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Research Papers: Contact Mechanics

Simulation of Fretting Wear in Half-Plane Geometries—Part II: Analysis of the Transient Wear Problem Using Quadratic Programming

[+] Author and Article Information
D. Nowell

Department of Engineering Science, University of Oxford, Parks Road, Oxford OX1 3PJ, UKdavid.nowell@eng.ox.ac.uk

It should be noted that the results given in Ref. 4 are based on a remote applied displacement of 10μm. This leads to a slip displacement, which varies slightly during the course of their simulation (as well as from point to point within the contact). For the purposes of the comparison shown here, a single value of Δ=7.5μm has been used, which is close to the average value shown in Fig. 5 of Ref. 4.

J. Tribol 132(2), 021402 (Mar 11, 2010) (8 pages) doi:10.1115/1.4000733 History: Received July 18, 2008; Revised January 26, 2009; Published March 11, 2010; Online March 11, 2010

This paper presents an efficient numerical method based on quadratic programming, which may be used to analyze fretting contacts in the presence of wear. The approach provides an alternative to a full finite element analysis, and is much less computationally expensive. Results are presented for wear of a Hertzian contact under full sliding and under partial slip. These are compared with previously published finite element analyses of the same problem. Results are also obtained for the fully worn problem by allowing a large number of wear cycles to accumulate. The predicted traction distributions for this case compare well with the fully worn analytical solution presented in part one of this paper.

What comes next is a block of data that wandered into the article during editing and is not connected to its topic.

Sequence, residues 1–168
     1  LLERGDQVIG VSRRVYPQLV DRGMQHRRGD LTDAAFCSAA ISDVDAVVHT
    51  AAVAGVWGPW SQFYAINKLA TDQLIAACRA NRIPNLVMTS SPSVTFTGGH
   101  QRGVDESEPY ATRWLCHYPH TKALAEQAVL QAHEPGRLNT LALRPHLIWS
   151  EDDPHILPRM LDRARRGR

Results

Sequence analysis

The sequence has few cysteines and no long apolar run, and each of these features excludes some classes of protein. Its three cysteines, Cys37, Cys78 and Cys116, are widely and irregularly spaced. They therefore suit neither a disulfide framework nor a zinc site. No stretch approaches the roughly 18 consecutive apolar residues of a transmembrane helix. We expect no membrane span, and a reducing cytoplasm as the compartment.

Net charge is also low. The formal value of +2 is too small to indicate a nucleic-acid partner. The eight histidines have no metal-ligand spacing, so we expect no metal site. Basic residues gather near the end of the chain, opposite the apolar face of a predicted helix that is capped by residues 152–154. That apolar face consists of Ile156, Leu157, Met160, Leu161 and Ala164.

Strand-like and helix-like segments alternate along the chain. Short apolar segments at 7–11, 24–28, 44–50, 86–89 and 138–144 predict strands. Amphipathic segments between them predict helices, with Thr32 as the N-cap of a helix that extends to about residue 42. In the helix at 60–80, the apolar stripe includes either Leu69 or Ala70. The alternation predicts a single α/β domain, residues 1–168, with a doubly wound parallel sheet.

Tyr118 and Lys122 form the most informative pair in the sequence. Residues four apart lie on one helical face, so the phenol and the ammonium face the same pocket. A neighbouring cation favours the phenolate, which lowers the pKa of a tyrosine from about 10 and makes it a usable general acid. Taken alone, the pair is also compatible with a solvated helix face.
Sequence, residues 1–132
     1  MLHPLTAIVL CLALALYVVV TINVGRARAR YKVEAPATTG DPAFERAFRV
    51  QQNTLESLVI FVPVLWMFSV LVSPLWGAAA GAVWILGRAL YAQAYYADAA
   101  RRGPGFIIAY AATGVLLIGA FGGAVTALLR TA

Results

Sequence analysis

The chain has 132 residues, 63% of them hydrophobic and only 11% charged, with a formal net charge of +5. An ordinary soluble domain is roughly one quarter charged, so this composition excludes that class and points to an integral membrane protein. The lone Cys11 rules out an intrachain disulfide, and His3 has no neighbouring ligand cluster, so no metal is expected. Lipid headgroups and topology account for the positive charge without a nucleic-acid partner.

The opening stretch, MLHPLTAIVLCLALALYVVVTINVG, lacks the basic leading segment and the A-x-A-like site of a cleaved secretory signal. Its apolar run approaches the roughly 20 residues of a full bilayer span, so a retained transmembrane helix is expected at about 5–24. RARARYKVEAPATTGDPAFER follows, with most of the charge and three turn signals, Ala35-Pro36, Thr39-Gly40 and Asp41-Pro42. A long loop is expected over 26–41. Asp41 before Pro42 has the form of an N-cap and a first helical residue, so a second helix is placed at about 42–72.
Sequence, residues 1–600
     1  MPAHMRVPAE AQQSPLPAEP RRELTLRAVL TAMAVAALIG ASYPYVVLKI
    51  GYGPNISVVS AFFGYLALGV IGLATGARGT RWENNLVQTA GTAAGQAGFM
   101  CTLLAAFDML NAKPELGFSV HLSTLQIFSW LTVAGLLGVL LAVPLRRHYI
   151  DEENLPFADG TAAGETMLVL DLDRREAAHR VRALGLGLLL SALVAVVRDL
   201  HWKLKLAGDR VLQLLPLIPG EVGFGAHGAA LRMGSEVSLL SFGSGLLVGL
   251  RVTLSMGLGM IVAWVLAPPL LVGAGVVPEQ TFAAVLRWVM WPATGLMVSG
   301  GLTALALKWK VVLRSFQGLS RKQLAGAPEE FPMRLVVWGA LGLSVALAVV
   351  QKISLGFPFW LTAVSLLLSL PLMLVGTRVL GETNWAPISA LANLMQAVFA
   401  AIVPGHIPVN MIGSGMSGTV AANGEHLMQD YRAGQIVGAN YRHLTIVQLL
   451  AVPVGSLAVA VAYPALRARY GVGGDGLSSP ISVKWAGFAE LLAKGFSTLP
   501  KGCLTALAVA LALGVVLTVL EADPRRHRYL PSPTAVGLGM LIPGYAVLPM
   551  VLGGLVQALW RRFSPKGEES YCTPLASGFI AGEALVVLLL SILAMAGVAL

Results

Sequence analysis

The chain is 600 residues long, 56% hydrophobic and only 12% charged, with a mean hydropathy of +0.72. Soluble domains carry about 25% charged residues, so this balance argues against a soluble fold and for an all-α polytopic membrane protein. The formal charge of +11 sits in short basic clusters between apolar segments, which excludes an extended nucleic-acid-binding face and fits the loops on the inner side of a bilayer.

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Copyright © 2010 by American Society of Mechanical Engineers
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Figures

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Figure 1

Contact with applied normal force P and applied tangential displacement δ

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Figure 2

Two bodies in contact showing the coordinate set and initial gap function

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Figure 3

Overlapping triangular elements for pressure (and shear traction)

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Figure 4

Comparison of numerical solution with theoretical pressure distributions: (a) Hertzian contact of cylinders (M=22), (b) contact of rigid frictionless punch (M=47), and (c) contact of elastic wedge (M=49).

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Figure 9

Pressure distributions at various stages of wear for partial slip of an initially Hertzian contact, including comparison with finite element results of Ding (4) (Q/fP=0.83, M=63, and λ′=0.04)

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Figure 10

Comparison of fully worn pressure distributions with analytical solution from part 1 (7) (M=63, λ′=0.02)

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Figure 11

Comparison of fully worn shear traction distributions in the stick region (normalized with respect to fp(x)) with analytical solution from part 1 (7) (M=63, λ′=0.02)

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Figure 8

(a) Worn profiles during wear of a fully sliding contact at different numbers of wear cycles; (b) comparison of fully worn profile with that generating uniform pressure

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Figure 7

Variation in the maximum contact pressure with contact size as wear proceeds, showing approach to uniform pressure asymptote

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Figure 6

Pressure distributions at various stages of wear for full sliding of an initially Hertzian contact, including comparison with finite element results of Ding (4) (M=99, λ=0.018)

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Figure 5

Evolution of peak pressure with wear cycles, fully sliding Hertzian contact plotted (a) against the wear block number for different values of λ and (b) against the normalized wear cycle number

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